Gov. Newsom announces delayed special election for McCarthy seat

Gov. Newsom announces delayed special election for McCarthy seat

SACRAMENTO, Calif. — The special primary election to replace former House Speaker Kevin McCarthy will be held on March 19, Gov. Gavin Newsom announced Monday, giving Republican hopefuls a longer-than-expected window to mount a campaign for the solidly-red seat.

If necessary, a runoff will be on May 21.

Rather than consolidating it with the state’s March 5 primary, the governor scheduled the special primary election at a later date at the request of county officials. Counties in the Bakersfield-area district were concerned that a consolidated election would lead to increased costs and voter confusion, according to the governor’s office.

The election to finish out the rest of McCarthy’s term will run parallel with the race to succeed him. Assemblymember Vince Fong is running to replace his longtime mentor, and confirmed to POLITICO on Monday that he would compete in the special election as well, to finish out the remainder of McCarthy’s term.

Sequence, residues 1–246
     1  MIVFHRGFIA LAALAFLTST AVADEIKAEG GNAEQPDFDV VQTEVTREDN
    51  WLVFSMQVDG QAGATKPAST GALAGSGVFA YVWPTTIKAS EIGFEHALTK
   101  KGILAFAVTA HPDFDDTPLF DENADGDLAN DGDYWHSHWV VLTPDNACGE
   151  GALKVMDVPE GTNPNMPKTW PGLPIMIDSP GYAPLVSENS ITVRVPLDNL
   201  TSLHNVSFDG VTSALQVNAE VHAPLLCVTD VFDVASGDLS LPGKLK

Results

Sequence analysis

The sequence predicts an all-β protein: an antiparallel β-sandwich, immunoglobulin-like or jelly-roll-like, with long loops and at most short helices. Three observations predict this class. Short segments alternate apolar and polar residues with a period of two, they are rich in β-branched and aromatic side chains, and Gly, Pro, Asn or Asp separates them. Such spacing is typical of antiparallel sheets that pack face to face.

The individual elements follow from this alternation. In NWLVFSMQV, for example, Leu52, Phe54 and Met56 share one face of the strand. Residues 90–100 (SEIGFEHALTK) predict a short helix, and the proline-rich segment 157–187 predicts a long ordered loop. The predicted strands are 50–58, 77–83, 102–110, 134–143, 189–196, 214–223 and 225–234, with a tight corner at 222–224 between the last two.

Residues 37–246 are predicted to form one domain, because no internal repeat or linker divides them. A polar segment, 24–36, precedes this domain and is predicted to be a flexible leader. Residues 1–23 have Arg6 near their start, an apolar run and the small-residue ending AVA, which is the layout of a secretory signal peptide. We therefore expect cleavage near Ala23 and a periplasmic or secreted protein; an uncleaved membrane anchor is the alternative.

Other Republicans vying for the seat include the Tulare County Sheriff Mike Boudreaux and former congressional candidate David Giglio.

McCarthy announced his resignation in December after a short and tumultuous tenure as speaker that ended with an unceremonious ousting at the hands of the far-right Freedom Caucus. McCarthy has said he intends to stay involved with GOP fundraising and recruitment efforts, but his removal from the top job was seen as a major blow to California Republicans — especially its vulnerable House members.

Fong is in the midst of a legal battle to keep his spot on the ballot after Secretary of State Shirley Weber said he could not run for both the congressional seat and his assembly seat at the same time.

He had initially filed for reelection after passing on a run for McCarthy’s seat, but changed his mind after state Sen. Shannon Grove (R-Bakersfield) — who was widely seen as a strong potential contender — surprised the Central Valley by declining to run.

By that point, the deadline to withdraw from the ballot as an Assembly candidate had passed. Fong filed for a congressional run anyway, which Weber said violated state law against appearing on the same ballot twice for different positions.

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